1070-4272/04/7709-1460C2004 MAIK [Nauka/Interperiodica]
Russian Journal of Applied Chemistry, Vol. 77, No. 9, 2004, pp. 1460!1468. Translated from Zhurnal Prikladnoi Khimii, Vol. 77, No. 9,
2004, pp. 1472!1480.
Original Russian Text Copyright + 2004 by Lukiyanchuk, Rudnev, Kuryavyi, Gordienko.
AND CORROSION PROTECTION OF METALS
Anodic-Spark Layers on Aluminum and Titanium Alloys
in Electrolytes with Sodium Phosphotungstate
I. V. Lukiyanchuk, V. S. Rudnev, V. G. Kuryavyi, and P. S. Gordienko
Institute of Chemistry, Far Eastern Division, Russian Academy of Sciences, Vladivostok, Russia
Received June 16, 2003; in final form, January 2004
Abstract-The influence exerted by the pH of an aqueous 0.0083 M solution of Na
] on the
composition and morphology of anodic coatings galvanostatically formed on aluminum and titanium alloys
at sparking and breakdown voltages was studied.
Anodic treatment of rectifying metals in aqueous
electrolytes in the sparking and microarc mode (hence-
forth, anodic-spark deposition) can give coatings that
contain, in addition to oxides of a metal or alloy being
treated, oxygen compounds of elements contained in
the electrolyte. As a result, coatings that exhibit func-
tions typical of anodic films and are promising for use
in catalysis , as active elements of gas analyzers
[2, 3], and bioinert compounds  can be obtained.
As an example can serve the formation on titanium of
layers that contain barium, strontium, or lead titanates
and exhibit ferroelectric properties [5, 6].
One of the main processes that determine the com-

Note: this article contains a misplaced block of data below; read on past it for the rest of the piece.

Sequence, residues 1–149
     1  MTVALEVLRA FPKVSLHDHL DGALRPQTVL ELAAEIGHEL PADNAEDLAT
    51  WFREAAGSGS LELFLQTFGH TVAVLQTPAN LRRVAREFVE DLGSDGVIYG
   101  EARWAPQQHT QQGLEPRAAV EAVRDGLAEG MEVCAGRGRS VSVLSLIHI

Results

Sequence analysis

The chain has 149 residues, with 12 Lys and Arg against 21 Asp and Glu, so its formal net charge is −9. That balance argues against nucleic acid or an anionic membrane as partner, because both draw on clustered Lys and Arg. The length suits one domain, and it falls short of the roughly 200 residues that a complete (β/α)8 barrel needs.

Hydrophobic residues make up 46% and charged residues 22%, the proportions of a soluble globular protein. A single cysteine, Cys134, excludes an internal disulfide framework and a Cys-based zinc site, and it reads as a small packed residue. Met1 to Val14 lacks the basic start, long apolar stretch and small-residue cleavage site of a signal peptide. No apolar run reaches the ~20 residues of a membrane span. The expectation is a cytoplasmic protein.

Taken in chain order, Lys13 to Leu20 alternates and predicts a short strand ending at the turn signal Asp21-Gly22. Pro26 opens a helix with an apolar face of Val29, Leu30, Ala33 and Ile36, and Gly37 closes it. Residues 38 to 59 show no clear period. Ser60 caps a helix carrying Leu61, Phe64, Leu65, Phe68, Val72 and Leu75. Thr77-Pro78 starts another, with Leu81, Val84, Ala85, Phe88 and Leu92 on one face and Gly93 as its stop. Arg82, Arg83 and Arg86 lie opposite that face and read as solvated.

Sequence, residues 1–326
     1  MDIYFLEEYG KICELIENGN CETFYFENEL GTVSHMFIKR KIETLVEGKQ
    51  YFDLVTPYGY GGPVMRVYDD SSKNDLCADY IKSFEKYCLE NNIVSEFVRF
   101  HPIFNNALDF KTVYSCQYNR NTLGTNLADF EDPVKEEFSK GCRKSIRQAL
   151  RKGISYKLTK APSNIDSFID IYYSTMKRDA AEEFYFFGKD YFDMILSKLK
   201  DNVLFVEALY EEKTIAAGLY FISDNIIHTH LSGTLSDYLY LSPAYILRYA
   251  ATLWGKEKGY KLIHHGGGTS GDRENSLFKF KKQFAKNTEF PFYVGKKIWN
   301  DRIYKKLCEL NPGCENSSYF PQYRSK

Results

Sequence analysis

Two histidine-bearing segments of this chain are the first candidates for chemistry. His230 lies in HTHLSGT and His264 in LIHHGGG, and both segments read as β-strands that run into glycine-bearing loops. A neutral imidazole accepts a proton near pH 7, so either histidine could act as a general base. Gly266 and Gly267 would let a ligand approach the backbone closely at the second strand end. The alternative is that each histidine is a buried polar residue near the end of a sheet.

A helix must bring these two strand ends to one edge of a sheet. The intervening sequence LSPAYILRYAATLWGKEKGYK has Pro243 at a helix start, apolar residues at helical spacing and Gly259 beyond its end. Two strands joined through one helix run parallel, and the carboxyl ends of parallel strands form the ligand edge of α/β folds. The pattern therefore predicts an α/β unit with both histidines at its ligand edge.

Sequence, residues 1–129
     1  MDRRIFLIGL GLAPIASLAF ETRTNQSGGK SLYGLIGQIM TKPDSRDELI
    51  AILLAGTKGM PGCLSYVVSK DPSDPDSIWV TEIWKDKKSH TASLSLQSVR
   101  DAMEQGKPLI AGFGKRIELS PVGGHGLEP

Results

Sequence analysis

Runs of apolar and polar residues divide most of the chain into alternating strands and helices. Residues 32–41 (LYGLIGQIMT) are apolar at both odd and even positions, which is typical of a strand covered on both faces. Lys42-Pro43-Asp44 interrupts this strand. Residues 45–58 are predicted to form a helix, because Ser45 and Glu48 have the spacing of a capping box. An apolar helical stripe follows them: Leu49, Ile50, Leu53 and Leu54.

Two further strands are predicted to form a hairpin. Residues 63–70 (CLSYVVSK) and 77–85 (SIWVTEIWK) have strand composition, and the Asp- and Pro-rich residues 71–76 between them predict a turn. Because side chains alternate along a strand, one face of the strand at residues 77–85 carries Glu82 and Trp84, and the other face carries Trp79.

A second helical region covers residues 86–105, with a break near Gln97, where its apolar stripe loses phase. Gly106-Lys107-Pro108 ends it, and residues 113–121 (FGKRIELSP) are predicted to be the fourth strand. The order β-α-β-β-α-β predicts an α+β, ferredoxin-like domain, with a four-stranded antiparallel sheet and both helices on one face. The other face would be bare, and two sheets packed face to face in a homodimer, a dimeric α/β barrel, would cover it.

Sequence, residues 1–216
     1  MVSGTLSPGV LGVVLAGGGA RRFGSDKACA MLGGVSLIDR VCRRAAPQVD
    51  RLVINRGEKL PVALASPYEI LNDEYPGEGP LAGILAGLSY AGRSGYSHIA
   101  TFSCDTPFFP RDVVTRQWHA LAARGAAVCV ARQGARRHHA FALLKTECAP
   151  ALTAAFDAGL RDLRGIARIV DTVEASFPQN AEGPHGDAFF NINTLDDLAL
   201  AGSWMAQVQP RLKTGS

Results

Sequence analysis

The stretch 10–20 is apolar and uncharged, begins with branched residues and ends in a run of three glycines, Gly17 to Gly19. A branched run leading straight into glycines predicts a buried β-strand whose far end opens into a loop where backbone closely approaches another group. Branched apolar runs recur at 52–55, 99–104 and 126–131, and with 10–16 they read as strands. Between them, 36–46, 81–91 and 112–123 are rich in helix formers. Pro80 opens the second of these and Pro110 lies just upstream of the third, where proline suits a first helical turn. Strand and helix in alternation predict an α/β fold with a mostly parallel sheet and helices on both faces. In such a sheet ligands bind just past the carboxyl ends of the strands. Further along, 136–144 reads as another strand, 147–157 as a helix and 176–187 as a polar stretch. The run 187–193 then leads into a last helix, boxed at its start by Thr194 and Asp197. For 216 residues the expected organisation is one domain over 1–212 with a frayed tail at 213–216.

position of the forming anodic-spark layers is ther-
molysis of the electrolytic deposit around electric-
breakdown channels. Use of electrolytes containing
anionic complexes opens up additional opportunities
for directed formation of oxide structures. Coatings of
various compositions and purposes can be obtained in
electrolytes of this kind. For example, wear-resistant
coatings containing a-Al
are obtained in solutions
with hexafluoroaluminate complexes ; corrosion-
resistant coatings with vanadium oxides, in electro-
lytes with phosphovanadate heteropolyanions [8, 9];
biocidal coatings with zinc phosphates, in solutions
with zinc polyphosphate complexes ; bioinert
coatings with hydrooxyapatite for implants, in elec-
trolytes with calcium glycerophosphate complexes ;
and light-reflecting coatings that contain ZrO
resistant to the action of hard ultraviolet, in solutions
with alkali metal hexafluorozirconate complexes .
At the same time, the processes of coating forma-
tion in electrolytes with anionic complexes are now in
the stage of research and accumulation of experi-
mental data. Among such electrolytes, those contain-
ing iso- and heteropolyanions (IPA and HPA) are the
least studied. The interest in these electrolytes is
due to the following.
(a) The variety of IPA and HPA is rather wide.
Only the position of the central atom in an HPA can
be occupied by more than 60 elements . Forma-
tion of coatings with diverse chemical compositions
would be expected in electrolytes with HPA. These
compositions must, apparently, reflect the scheme of
thermal transformations of HPA or of products formed
in their interaction with a metal being anodized.
(b) Conditions for formation of IPA and HPA are
satisfied in many aqueous solutions that are used in
anodic-spark oxidation and contain compounds of
vanadium, molybdenum, and tungsten in higher oxi-
dation states. Consequently, revealing the relationship
between the presence or absence of HPA in electro-
lytes and the composition of the anodic-spark layers
being formed is both practically and theoretically
(c) Thermal decomposition of heteropoly com-
pounds is used to produce oxide catalysts . It is
quite possible that thermolysis of HPA or products of
their interaction with a metal being anodized, which
occurs near electric-breakdown channels, will make it
possible to form on metals oxide structures promising
as regards their possible catalytic activity.
(d) It has been shown previously that films formed
in electrolytes with HPA show satisfactory protective
properties [8, 14, 15].
Until now, fundamental aspects of how the ele-
ments contained in HPA are incorporated into coat-
ings on rectifying metals have been studied in multi-
component electrolytes containing simultaneously